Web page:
In reality, my mom’s old condo resided in a complex that would have been beautiful if all the edifices weren’t inspired by oversized gray boxes. Fortunately, the surrounding manicured landscape suggested a tranquil park, cut off from the bustling thoroughfares of Tanasbourne by an enclave of trees, and partitioned into rolling slopes that convened at a large, nutria-filled lake. With winding pathways, a recreation center, tennis courts, and a large pool, it was the perfect place to walk your dog, raise your children, and establish a relaxing homestead. But like any seemingly impeccable suburban neighborhood, cracks began to mar the wholesome visage and reveal a seedier interior than one would expect from a neighborhood filled with old people and children. On the block over, neighbors were evicted for erecting a meth lab in their condo and smashing out their windows, robbers hit numerous houses, including our own, and on one very frightening occasion my sister was followed by an eerie man who stood at the head of our street and stared at our unit for an unnervingly long time after she’d arrived safely behind our locked door.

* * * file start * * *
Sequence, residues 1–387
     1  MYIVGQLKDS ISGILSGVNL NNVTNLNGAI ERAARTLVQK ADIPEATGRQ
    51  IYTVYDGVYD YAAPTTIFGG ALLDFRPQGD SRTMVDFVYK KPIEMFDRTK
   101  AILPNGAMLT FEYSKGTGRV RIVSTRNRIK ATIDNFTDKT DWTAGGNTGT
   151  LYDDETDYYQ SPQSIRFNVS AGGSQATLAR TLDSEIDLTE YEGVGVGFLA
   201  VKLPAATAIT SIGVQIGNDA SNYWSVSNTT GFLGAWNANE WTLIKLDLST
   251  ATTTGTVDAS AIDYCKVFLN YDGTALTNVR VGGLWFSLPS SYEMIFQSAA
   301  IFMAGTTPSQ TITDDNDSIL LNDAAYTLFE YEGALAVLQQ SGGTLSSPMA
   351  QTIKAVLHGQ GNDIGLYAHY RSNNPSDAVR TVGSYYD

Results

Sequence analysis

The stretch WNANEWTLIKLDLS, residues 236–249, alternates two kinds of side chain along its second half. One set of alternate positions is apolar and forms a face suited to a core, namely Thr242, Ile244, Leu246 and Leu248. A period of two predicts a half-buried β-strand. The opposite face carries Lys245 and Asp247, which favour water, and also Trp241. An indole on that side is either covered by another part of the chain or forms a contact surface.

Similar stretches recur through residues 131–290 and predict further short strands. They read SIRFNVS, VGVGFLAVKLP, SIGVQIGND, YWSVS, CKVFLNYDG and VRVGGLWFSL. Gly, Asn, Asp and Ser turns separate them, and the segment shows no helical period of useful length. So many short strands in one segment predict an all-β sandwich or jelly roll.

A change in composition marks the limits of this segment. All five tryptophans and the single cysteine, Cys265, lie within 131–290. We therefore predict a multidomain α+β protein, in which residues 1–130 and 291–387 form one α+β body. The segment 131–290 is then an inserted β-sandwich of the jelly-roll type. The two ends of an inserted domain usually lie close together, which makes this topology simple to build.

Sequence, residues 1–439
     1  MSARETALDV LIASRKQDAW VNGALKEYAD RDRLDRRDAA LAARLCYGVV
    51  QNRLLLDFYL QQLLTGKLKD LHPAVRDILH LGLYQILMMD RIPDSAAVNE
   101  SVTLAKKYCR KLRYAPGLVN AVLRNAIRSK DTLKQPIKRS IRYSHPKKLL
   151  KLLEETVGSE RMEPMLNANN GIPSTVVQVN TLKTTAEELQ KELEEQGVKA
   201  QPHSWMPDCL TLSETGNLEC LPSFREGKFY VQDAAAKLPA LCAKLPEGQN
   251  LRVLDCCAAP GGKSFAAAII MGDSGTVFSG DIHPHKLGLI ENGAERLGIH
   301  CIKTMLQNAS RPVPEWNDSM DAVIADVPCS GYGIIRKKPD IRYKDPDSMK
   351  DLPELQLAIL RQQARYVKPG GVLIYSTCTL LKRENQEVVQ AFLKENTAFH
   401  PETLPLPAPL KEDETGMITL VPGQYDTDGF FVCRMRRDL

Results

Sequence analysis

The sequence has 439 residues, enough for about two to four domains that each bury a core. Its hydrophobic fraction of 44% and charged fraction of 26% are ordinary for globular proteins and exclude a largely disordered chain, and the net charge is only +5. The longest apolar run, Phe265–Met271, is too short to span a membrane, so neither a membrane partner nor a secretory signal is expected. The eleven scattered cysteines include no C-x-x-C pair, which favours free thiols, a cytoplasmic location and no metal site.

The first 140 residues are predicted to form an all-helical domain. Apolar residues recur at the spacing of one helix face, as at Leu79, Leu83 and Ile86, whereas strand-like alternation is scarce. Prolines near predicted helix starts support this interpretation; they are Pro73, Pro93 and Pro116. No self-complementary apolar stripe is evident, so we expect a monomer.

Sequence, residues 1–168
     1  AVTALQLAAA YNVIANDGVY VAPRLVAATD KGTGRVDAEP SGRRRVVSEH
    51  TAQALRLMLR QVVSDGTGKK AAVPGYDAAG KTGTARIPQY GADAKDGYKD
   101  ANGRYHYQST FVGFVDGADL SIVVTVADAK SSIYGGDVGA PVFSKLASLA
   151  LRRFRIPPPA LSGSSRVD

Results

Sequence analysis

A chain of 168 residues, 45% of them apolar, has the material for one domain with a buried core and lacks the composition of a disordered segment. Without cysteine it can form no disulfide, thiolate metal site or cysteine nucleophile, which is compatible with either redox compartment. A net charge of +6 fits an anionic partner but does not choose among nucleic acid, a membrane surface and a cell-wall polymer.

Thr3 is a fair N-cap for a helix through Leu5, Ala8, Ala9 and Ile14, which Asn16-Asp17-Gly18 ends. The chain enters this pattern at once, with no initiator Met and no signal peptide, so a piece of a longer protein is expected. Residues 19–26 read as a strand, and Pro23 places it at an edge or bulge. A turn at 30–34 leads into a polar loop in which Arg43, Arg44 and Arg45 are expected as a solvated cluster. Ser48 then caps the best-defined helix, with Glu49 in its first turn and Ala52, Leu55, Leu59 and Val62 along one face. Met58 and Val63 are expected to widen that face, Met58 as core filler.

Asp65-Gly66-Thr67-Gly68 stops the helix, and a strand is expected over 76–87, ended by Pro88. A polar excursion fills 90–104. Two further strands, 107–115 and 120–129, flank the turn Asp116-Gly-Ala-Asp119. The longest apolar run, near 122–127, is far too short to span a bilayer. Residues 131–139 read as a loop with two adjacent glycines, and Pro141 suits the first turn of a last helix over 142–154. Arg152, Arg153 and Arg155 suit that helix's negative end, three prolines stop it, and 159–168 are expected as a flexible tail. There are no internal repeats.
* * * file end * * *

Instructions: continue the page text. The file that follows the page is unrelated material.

But beyond the unseen thing encountered on an evening walk that made my dog bolt in the opposite direction, dragging my mom to safety with the power of a much younger pup, and the strange noises that once emanated through our floor from the crawlspace under the house, one of the most unnerving incidents we experienced on Midlake Lane occurred halfway through our nine-year occupancy.